- A bill that passed through the California legislature, Assembly Bill 2034, would require the state's bus, rail and light rail intercity transit agencies and businesses to train employees to recognize the signs of human trafficking and how to report possible trafficking to authorities.
- The measure would amend an existing law, which requires businesses and transit authorities to post notices about human trafficking, but as it stands the law does not require training on the topic. If AB 2034 becomes law, the state would reimburse intercity transit agencies for training costs, which are expected to be small.
- If passed into law, intercity transit agencies will have to provide the human trafficking training starting on January 1, 2021. The bill has been sent to Gov. Jerry Brown to either sign into law or veto.
This bill is not very controversial and Brown is expected to sign it. State transit agencies have shown support for the bill, including San Francisco regional commuter train Caltrain and San Mateo County Transit, as reported by The Daily Journal.
Human trafficking of men, women and children for labor and sex purposes is getting more attention as a serious problem throughout the country. Traffickers often target vulnerable populations such as immigrants or low-income residents. The problem occurs in urban, suburban and rural areas alike, and traffickers often pass through transportation hubs when bringing in victims from other areas. Therefore it makes a lot of sense to train intercity transit workers to recognize the signs of human trafficking and to report it.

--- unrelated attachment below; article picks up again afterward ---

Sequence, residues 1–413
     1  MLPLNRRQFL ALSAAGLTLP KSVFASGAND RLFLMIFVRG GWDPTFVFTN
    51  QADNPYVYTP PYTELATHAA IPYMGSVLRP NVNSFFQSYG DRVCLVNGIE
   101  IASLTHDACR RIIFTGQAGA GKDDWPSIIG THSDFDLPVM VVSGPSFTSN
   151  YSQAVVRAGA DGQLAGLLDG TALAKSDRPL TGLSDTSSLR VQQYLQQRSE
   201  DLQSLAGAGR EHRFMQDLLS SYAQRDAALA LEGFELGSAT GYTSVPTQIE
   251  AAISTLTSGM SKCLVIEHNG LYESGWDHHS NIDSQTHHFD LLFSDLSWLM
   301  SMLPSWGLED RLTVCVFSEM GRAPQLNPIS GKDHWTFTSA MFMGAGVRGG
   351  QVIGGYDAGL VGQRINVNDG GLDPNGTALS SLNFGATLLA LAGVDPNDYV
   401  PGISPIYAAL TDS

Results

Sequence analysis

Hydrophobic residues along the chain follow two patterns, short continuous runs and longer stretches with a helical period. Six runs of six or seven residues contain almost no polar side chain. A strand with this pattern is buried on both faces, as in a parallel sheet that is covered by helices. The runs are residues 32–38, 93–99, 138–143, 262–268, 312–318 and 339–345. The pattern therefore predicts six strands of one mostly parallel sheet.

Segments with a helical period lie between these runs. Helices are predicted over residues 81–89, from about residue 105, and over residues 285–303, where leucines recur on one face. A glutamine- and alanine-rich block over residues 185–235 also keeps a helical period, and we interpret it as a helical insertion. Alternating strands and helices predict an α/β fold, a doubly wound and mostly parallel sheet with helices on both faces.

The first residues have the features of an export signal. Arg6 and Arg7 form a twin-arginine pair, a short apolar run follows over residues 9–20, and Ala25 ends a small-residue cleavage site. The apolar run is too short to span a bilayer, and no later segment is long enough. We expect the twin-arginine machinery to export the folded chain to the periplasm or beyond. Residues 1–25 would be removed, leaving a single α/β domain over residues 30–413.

Other transportation industries also work toward stopping human trafficking. A number of airports post signs encouraging workers and travelers to report activity that could be human trafficking, and truckers have actively played a role in combating the crime, including creating coalitions like Truckers Against Trafficking. In addition, the U.S. Department of Transportation is forming a special committee to provide information and advice related to human trafficking.
Certain businesses and governments require human trafficking training for transportation workers, but the practice is not yet widespread. In Kansas, for example, as of July all existing holders of and new applicants for commercial driver licenses have to complete human trafficking training.
Municipalities are making greater efforts to combat human trafficking, too. This year Atlanta, Chicago and Minneapolis won the Partnership for Freedom's human trafficking prevention challenge which will support better citywide prevention plans.